Barefoot Running

Origins of Barefoot Running

Barefoot running didn't really originate from anywhere in particular. It has been around for centuries, and is one of our original means of transportation. Our hunter-gatherer ancestors never had fresh Nikes to use when chasing animals for hunting or foraging through the forest! They had to rely on the strength and control of their own two feet to carry them across any type of terrain that they encountered. The advent of and widespread use of running shoes really began to take shape in the 1940s to 1960s as Adidas, Puma, and Nike took the running culture and made it their own. 
Aside from added protection and support, one of the main reasons for the invention of running shoes was to increase stride length. Naturally, when barefoot, we tend to run on our toes. Running shoes allow us to heel strike with every stride, providing the opportunity for a longer stride length and thus fewer times that our feet have to push off the ground during a race. The idea was that this would allow the runner to expend less energy during a race, since they are taking fewer strides.

Interestingly, the current research on both recreational and collegiate runners shows that there is not much of a difference in energy expenditure when running with running shoes and running barefoot. Some research has even indicated that barefoot running may require less energy in some situations, but I'll touch on this below. 

Try it yourself, next time you run, start off by running on your toes (even with your shoes on) and then switch to your normal running mechanics (which will most likely be heel striking in running shoes). See which one allows you to achieve a longer stride length more easily.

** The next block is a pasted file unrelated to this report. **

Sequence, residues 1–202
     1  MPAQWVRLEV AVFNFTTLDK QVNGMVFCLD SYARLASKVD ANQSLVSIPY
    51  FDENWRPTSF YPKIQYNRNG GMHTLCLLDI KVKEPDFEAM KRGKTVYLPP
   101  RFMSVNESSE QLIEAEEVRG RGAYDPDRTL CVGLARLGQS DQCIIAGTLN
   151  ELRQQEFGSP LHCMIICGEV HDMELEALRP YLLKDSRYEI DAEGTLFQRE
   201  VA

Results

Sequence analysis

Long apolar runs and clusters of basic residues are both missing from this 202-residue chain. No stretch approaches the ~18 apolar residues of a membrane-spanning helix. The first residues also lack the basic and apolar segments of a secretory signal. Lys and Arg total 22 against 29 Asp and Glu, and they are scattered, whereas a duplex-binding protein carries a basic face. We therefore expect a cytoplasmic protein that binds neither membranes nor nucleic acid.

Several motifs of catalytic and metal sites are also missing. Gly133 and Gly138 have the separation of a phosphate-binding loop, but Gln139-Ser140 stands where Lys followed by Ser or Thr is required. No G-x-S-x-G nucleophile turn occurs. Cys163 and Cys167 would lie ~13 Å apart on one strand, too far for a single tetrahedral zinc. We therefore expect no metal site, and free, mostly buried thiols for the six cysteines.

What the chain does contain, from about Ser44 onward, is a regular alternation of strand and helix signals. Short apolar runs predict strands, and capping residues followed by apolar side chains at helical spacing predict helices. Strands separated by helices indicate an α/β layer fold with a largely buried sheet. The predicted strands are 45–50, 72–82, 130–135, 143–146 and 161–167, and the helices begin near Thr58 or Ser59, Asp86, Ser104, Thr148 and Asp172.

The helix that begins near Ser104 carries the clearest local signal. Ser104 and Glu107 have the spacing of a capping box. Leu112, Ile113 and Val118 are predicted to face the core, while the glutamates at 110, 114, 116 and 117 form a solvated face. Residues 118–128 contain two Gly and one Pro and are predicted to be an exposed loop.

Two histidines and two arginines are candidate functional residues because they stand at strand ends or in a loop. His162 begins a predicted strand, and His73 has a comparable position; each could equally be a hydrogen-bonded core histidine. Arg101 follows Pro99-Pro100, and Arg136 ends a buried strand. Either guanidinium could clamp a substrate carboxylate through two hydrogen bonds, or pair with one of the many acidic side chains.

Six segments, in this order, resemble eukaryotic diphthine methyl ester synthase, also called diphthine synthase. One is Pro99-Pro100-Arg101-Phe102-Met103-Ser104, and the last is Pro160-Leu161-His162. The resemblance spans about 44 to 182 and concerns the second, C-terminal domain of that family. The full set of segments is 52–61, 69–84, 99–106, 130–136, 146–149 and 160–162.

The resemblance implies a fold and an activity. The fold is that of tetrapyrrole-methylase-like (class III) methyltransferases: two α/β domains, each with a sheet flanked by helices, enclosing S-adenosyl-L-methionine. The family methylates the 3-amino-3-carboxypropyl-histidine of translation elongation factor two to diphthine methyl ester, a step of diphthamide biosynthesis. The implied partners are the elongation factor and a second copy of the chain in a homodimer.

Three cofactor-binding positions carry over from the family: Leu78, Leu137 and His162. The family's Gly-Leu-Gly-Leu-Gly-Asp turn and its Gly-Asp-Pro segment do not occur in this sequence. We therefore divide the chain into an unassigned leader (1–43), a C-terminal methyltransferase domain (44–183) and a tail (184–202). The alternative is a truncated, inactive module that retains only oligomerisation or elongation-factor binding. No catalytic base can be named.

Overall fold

There are still some cultures in the world that rely solely on running barefoot. The Tarahumara, a group of indigenous people living in the mountains of Mexico, are widely considered some of the best long-distance runners in the world, competing in and winning some of the most grueling ultramarathons on the face of this earth, barefoot. Born to Run, by Christopher McDougall chronicles the Tarahumara and their ultramarathon successes, and is also one of the main reasons that sparked my interest to try barefoot running for myself. If any running junkies are looking for their next read, I would recommend Born to Run without a doubt.

Running footwear these days can be largely classified into three main categories; barefoot, minimalist, normal. Minimalist shoes are the in-between, where they offer very little heel lift and support compared to a normal running shoe, but still have a sole for you to run on. Studies have also shown that minimalist running shoes allow for very similar running mechanics as barefoot running, while still providing protection and some cushioning for your feet.
Benefits of Barefoot Running

  • Natural, free feeling. This may be a more personal opinion here, but I love the feeling of stepping out the door in the summer time with nothing but short shorts on (for those of you that know me, you know that short shorts are my norm) and going for a run.

  • Stride frequency is greater in barefoot running, and some research has shown that increasing stride frequency, and thus decreasing stride length leads to a reduction in running-induced knee pain.